I’m still experimenting and trying out new things, so we’ll never know what my next style could be! My goal is to be flexible so I can capture the essence of any project, and not limit myself to a certain kind of project, client, or message.

Which artist/s do you look up to? My top six foreign lettering artists that I look up to are Erik Marinovich (for his dynamism and versatility with his letters), Martina Flor (for her scripts, knowledge, and embellishments), Nick Misani (for his elegant and graceful letters), Jessica Hische (for just existing… seriously she’s contributed so much to the lettering and design world EVERYONE looks up to her!), Jim Tierney (for his versatility and talent in combining letters and lettering, and his work for the publishing world; his job is my dream job) and lastly, Lauren Hom (for her wit, humor, marketing skills, and generosity; she shares ALL her secrets willingly!). Recently I’ve met Lauren, and she’s SO NICE, so that’s a check out of 5 boxes!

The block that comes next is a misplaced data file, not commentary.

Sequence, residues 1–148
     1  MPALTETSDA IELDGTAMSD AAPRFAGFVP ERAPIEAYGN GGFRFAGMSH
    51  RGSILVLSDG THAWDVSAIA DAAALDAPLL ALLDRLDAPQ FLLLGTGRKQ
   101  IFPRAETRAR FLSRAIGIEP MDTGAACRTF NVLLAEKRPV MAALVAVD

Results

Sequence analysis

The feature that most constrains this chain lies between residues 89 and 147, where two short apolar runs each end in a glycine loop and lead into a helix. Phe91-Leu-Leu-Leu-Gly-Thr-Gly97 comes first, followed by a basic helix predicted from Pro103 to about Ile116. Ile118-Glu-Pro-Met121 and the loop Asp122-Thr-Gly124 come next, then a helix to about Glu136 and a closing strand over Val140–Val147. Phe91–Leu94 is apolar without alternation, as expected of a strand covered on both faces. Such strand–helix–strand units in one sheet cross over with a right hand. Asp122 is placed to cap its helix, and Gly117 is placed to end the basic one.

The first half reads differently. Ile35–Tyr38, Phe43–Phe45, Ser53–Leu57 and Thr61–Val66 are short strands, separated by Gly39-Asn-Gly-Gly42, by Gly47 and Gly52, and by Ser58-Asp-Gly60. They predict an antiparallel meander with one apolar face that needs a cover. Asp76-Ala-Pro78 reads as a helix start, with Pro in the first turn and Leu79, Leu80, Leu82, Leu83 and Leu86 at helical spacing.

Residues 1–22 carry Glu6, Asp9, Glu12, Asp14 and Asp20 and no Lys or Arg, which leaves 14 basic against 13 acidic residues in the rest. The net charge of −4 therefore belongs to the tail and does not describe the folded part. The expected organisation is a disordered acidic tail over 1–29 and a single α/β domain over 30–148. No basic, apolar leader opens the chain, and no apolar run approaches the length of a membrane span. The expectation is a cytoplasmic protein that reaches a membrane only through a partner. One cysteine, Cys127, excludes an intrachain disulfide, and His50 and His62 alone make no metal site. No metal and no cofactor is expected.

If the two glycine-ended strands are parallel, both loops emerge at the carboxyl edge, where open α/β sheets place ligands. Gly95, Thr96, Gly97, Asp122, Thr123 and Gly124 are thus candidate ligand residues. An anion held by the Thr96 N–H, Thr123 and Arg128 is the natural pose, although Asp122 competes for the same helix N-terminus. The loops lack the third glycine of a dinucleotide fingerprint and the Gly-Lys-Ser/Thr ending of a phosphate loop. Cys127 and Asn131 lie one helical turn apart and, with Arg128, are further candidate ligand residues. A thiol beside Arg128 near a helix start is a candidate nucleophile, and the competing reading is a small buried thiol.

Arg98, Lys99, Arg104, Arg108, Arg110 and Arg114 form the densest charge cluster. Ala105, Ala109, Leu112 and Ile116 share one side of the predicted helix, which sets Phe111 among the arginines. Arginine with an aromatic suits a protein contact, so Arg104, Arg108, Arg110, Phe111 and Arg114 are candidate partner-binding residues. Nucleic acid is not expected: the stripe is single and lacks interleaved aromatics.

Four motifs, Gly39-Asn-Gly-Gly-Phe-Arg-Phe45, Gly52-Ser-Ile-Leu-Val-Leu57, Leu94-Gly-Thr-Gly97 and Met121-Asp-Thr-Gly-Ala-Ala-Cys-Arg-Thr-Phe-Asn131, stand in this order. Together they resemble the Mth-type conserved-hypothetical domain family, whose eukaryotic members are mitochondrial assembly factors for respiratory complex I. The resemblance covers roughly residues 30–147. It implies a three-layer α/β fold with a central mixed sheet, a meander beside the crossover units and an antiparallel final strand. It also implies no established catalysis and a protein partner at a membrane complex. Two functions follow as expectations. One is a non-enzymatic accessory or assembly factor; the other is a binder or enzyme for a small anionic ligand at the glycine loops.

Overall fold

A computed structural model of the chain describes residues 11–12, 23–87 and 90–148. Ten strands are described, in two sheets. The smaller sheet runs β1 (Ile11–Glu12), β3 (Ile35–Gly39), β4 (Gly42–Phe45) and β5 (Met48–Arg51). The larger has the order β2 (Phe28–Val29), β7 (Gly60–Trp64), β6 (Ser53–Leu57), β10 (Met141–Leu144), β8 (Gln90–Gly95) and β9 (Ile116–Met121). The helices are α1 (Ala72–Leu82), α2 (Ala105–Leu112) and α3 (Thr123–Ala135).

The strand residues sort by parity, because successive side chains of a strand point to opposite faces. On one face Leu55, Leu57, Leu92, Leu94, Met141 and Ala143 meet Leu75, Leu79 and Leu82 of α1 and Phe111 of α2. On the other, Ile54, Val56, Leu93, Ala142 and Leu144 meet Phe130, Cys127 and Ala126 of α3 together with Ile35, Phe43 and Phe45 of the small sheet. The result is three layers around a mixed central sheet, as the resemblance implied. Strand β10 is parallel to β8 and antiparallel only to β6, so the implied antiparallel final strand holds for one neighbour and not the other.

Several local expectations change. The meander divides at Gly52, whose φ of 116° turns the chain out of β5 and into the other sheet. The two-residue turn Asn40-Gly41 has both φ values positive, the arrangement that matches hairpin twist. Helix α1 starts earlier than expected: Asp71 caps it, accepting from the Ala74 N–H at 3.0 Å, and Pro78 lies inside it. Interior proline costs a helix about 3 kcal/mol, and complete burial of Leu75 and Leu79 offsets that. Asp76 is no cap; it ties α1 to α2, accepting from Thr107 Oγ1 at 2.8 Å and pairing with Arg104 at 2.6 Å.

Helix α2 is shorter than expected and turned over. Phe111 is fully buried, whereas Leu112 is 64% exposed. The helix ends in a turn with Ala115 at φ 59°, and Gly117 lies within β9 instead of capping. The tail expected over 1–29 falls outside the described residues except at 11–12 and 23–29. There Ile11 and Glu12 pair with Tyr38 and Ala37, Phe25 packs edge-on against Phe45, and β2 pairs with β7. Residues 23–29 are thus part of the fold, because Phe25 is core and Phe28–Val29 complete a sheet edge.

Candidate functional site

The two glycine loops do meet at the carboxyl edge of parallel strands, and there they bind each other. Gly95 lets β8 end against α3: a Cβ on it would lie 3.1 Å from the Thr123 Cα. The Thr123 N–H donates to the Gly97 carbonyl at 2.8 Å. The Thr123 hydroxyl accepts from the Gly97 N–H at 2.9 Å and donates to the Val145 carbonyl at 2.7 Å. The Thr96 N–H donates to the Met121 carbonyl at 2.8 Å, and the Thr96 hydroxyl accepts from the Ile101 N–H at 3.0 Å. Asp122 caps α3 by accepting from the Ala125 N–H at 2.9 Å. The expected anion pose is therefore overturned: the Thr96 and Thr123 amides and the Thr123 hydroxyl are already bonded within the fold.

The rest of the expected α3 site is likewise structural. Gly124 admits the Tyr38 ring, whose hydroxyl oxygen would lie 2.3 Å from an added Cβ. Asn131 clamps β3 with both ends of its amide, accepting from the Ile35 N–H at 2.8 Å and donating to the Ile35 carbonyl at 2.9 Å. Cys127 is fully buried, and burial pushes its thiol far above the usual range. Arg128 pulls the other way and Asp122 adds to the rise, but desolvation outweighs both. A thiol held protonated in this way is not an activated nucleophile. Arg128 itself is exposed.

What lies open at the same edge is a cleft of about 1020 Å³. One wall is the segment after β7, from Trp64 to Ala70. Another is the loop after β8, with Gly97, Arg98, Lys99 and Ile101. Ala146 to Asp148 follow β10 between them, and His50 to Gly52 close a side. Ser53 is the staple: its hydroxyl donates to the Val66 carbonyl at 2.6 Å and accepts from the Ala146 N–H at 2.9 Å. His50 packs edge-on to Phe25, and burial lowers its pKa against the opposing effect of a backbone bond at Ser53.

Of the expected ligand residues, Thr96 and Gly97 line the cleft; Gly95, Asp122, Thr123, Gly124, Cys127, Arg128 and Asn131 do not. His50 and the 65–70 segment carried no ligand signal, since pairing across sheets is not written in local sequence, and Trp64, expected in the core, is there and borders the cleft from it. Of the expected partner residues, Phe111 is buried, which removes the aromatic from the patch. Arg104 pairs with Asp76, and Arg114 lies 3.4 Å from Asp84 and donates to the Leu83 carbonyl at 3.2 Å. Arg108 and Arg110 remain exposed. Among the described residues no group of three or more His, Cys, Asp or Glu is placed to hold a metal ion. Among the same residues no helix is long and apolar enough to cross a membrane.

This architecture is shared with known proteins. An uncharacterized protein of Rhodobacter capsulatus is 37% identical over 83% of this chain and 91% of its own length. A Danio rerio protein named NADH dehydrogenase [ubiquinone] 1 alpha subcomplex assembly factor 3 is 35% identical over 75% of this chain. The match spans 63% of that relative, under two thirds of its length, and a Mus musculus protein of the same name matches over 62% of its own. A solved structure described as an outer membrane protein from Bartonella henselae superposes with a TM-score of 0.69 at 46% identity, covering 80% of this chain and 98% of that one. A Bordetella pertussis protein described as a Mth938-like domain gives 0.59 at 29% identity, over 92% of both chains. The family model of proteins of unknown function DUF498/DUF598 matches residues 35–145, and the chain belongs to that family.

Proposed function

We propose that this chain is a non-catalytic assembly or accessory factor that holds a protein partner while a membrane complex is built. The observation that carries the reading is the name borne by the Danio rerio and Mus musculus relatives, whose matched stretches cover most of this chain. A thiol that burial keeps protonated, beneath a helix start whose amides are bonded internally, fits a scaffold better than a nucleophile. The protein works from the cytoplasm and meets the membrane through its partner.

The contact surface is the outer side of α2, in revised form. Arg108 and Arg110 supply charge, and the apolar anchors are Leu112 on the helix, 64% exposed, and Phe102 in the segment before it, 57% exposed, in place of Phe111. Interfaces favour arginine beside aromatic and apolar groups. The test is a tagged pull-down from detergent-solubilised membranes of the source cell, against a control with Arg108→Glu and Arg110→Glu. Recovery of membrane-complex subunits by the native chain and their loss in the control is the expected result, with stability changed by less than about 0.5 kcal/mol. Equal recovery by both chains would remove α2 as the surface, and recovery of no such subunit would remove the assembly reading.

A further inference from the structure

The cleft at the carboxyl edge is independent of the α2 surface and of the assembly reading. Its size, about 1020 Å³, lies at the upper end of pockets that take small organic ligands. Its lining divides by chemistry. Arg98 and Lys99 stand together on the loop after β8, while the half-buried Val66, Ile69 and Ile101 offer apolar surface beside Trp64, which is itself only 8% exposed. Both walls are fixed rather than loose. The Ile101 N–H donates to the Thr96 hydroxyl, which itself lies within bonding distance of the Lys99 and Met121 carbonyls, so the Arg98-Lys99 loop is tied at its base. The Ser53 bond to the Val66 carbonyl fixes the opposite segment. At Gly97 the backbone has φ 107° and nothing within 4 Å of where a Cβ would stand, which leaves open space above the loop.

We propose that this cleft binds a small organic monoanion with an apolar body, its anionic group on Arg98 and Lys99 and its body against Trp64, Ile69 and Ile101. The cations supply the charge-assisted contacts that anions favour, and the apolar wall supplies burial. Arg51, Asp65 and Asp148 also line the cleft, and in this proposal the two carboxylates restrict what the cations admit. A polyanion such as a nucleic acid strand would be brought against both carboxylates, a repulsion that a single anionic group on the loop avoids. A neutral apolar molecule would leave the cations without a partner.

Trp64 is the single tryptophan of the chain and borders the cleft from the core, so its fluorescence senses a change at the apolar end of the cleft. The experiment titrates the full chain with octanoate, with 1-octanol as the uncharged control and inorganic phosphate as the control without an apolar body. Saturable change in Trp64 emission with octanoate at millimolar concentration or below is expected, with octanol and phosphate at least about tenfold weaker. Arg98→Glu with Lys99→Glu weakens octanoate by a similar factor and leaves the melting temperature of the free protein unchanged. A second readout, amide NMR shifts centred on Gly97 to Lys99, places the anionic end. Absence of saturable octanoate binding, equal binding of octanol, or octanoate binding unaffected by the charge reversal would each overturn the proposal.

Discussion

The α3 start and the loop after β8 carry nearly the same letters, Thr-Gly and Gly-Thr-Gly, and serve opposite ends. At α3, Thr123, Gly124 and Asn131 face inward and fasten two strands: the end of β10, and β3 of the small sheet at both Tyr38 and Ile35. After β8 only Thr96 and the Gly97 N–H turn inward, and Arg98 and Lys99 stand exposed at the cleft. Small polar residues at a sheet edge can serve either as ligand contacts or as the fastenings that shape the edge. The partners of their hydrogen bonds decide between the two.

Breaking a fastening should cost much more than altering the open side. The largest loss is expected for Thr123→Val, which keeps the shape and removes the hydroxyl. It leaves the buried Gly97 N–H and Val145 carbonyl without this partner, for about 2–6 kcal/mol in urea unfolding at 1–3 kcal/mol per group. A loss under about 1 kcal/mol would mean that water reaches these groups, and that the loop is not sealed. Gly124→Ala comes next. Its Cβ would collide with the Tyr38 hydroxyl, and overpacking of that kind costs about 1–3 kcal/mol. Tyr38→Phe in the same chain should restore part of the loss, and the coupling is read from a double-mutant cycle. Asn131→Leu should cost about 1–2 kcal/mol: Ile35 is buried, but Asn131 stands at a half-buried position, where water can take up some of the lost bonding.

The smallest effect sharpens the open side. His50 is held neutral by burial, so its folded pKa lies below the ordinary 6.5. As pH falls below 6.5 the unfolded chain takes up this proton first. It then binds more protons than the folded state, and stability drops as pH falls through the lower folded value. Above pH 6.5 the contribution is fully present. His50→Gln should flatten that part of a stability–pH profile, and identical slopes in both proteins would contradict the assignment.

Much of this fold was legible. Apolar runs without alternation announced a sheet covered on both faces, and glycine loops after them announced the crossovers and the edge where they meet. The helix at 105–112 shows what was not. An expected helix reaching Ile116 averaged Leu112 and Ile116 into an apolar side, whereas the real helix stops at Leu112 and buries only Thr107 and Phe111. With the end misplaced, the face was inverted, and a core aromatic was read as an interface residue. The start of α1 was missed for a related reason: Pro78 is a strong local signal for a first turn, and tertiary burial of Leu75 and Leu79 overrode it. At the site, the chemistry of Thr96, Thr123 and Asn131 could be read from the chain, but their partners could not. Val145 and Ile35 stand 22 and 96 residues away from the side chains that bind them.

I love local artists as much as foreign artists. Filipino talent is so world-class! Favorites include Raxenne Maniquiz, Dan Matutina, Betsy Cola (Betina Continuado), Jelvin Base, Gian Wong, Jill Arteche, Eva Yu, Jappy Agoncillo, Soleil Ignacio, Risa Rodil. I also look up to my fellow designers and illustrators in the Benildean Press Corps!

Anything about yourself you’d like to add, like other hobbies, jobs, and passions? I’ve been lucky enough to have collaborated with amazing clients, both big and small, including San Miguel Corporation, ABS-CBN Publishing, FILED, Penelope Pop. Otterbox PH, and Candy Magazine. My works have also been featured in both Goodtype books and Typism Book 4. I’ve also done many lettering workshops and painted murals too!